12th ILLINOIS VOLUNTEER INFANTRY
Organized: Summer, 1861 Cairo, IL
Mustered In: 8/1/61 Cairo, IL
Mustered Out: 7/19/65 Louisville, KY
Discharged: Camp Butler, IL
61st UNITED STATES VOLUNTEER COLORED TROOPS
Organized: Summer, 1863 LaGrange, TN
Mustered In: 8/3/63 Lagrange, TN
Mustered Out: 12/30/66 Alabama
REGIMENTAL HISTORY: (12th)
The 12th was a three year western theater infantry regiment. Organized in Cairo, IL during the summer of 1861, it remained in-state until 9/5/61 when it moved to and helped occupy Paducah, KY. The bulk of the unit remained there until February, 1862 when the regiment joined in Union Gen. Grant's expedition against forts Henry and Donelson in Tennessee. In addition to suffering terribly from the weather, during the battle for that last fort the 12th lost 19 killed, 58 wounded and 10 missing.
On April 6th and 7th, 1862 the regiment participated in the battle of Shiloh/Pittsburgh Landing, TN. There it lost 109 killed/wounded and 10 missing before moving on to the siege of Corinth, MS. During September it marched to Iuka, but was not engaged during the battle for that place. Returning to Corinth, the October (3rd – 4th) battle there cost the 12th 17 killed, 80 wounded and 15 missing.
During 1863 the 12th remained in Tennessee. This period was a relatively quiet one for the regiment.
January, 1864 saw the members of the 12th reenlist as veterans. Thirty day furloughs followed.
Returning to the field the 12th joined Union Gen. Sherman's movement to capture Atlanta, GA. This campaign included numerous skirmishes and battles with the enemy. After the fall of Atlanta in August, the unit concluded the year by taking part in the "march to the sea.
1865 found the 12th marching northward through the Carolinas. It remained in North Carolina until the surrender of Rebel troops under Johnston in late April.
Moving to Washington, D.C., the 12th participated in the Grand Review (5/24) after which it travelled to Louisville, KY. There, in July, it was mustered out of Federal service and into history.
Officers Killed Or Mortally Wounded: 5; Officers Died Of Disease, Accidents, Etc.: 3; Enlisted Men Killed Or Mortally Wounded: 142*; Enlisted Men Died Of Disease, Accidents, Etc.: 109.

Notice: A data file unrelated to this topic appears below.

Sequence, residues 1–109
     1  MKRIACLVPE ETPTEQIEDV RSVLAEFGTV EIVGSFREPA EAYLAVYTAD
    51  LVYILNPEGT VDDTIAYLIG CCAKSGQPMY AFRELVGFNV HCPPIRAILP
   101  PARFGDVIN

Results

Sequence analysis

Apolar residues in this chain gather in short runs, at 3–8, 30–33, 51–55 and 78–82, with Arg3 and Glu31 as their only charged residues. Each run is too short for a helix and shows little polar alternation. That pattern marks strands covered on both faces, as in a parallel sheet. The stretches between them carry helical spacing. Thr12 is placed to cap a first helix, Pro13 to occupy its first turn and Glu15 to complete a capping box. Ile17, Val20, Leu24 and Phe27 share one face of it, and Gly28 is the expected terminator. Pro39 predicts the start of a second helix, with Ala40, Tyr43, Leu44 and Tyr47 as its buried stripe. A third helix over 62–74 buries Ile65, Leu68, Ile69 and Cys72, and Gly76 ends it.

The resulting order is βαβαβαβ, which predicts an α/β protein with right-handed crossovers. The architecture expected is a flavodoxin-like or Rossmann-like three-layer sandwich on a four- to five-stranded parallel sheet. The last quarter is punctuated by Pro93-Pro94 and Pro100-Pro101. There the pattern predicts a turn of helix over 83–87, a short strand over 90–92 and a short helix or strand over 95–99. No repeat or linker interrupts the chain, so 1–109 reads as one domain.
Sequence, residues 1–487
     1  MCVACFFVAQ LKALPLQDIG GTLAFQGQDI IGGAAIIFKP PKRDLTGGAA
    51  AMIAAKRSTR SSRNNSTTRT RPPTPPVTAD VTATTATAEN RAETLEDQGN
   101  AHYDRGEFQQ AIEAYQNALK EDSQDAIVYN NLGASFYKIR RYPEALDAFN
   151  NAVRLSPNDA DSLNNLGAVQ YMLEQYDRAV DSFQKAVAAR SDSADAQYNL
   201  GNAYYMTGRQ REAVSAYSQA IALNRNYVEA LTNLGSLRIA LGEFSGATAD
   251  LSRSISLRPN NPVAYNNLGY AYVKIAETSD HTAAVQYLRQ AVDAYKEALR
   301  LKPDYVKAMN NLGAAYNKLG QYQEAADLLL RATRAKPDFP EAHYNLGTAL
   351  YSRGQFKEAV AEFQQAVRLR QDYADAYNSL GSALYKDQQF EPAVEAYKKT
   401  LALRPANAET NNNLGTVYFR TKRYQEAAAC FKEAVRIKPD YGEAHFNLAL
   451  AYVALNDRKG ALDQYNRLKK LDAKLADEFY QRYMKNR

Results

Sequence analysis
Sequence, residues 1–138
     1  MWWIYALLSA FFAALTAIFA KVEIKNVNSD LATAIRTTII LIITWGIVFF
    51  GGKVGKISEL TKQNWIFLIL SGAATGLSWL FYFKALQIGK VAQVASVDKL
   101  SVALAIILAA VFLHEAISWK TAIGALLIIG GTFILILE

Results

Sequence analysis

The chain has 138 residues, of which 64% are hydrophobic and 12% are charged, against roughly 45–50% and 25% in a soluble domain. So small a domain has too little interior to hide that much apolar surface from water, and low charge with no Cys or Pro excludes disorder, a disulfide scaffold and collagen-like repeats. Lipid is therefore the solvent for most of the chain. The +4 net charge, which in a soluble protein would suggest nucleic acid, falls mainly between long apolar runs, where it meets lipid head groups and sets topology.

* The 12th was one of a relatively few Union units that lost more men in combat than it did to other causes.
REGIMENTAL HISTORY: (61st)
The 61st USCT infantry regiment was a western theater unit. It was organized from the 2nd West Tennessee Infantry (African Descent).
The regiment performed post and garrison duties at Memphis, TN until July, 1864. After that it moved into Mississippi then back to Memphis, TN where, on AUGUST 21, it repulsed Confederate forces commanded by Nathan Bedford Forrest. Other actions then followed in Tennessee.
Early, 1865 found the 61st in Louisiana. It then moved on to Florida. The 61st then returned to Louisiana where it served until mustered out of Federal service at the end of December, 1866.
Officers Killed Or Mortally Wounded: 1; Officers Died Of Disease, Accidents, Etc.:2; Enlisted Men Killed Or Mortally Wounded: 37; Enlisted Men Died Of Disease, Accidents, Etc.:316 .
Residence: Maine Cook Co., IL Age: 19.0 yrs. (est.)
Enlisted/Enrolled: 8/1/61 Rank: Pvt.
Mustered In: 8/1/61
Discharged For Promotion: 9/30/63
Highest Rank: 1st Sgt.
Rank At Discharge: 1st Sgt.
Residence: Inf. Not Avail. Age: 21.0 yrs. (est.)
Enlisted/Enrolled: 8/1/63 Rank: Sgt.
Mustered In: 8/1/63
Discharged For Wounds: 2/1/65 (EST.)
Highest Rank: Sgt.
Rank At Discharge: Sgt.
NOTE: The birth - to - death biographical profile of Benjamin Thacker was created in November, 2020 during the Covid-19 medical pandemic. It contains less depth of detail than many other biographies within this website because military service, pension and other veteran-related files housed in Washington, D.C.'s National Archives were not available. At a later time those documents will be obtained and the data contained therein added to the narrative which follows.
Benjamin Franklin Thacker was born sometime between 1841 and 1845. U.S. census tallies and his death record contain all of those birth years. Herein we are opting for 1842 with the month being August. At the time of this writing, no specific birth date has been located within the scant few available documents pertaining to this Civil War soldier. His place of birth was the community of Maine located in Illinois' Cook County.
Parents to Benjamin were Stephen (b. 1801 NJ – d. 1848 Cook Co., IL ) and Esther/Ester (nee McKinney b. 1803 or '05 NJ - d. 1878 loc. unk.). Likely his family was a farming family as that was the occupation listed as Esther/Ester's occupation in the 1850 census for Illinois.
As best as can be determined, Stephen and Esther/Ester produced seven children. Of the seven, Benjamin appears to have been next to the youngest.
Stephen Thacker's children older than Benjamin were: John Thacker (b. 1829 OH), Bulah Thacker (b. 1831 OH), Elsie A. Thacker (b. 18734 OH), William Harrison Thacker (b. 7/15/36 Goshen Clermont Co., OH*) and George Washington Thacker (b. 1/1/40 Goshen Clermont Co., OH **). Younger than Benjamin was James Madison Thacker (b. 3/28/45 Des Plaines Cook Co., IL***).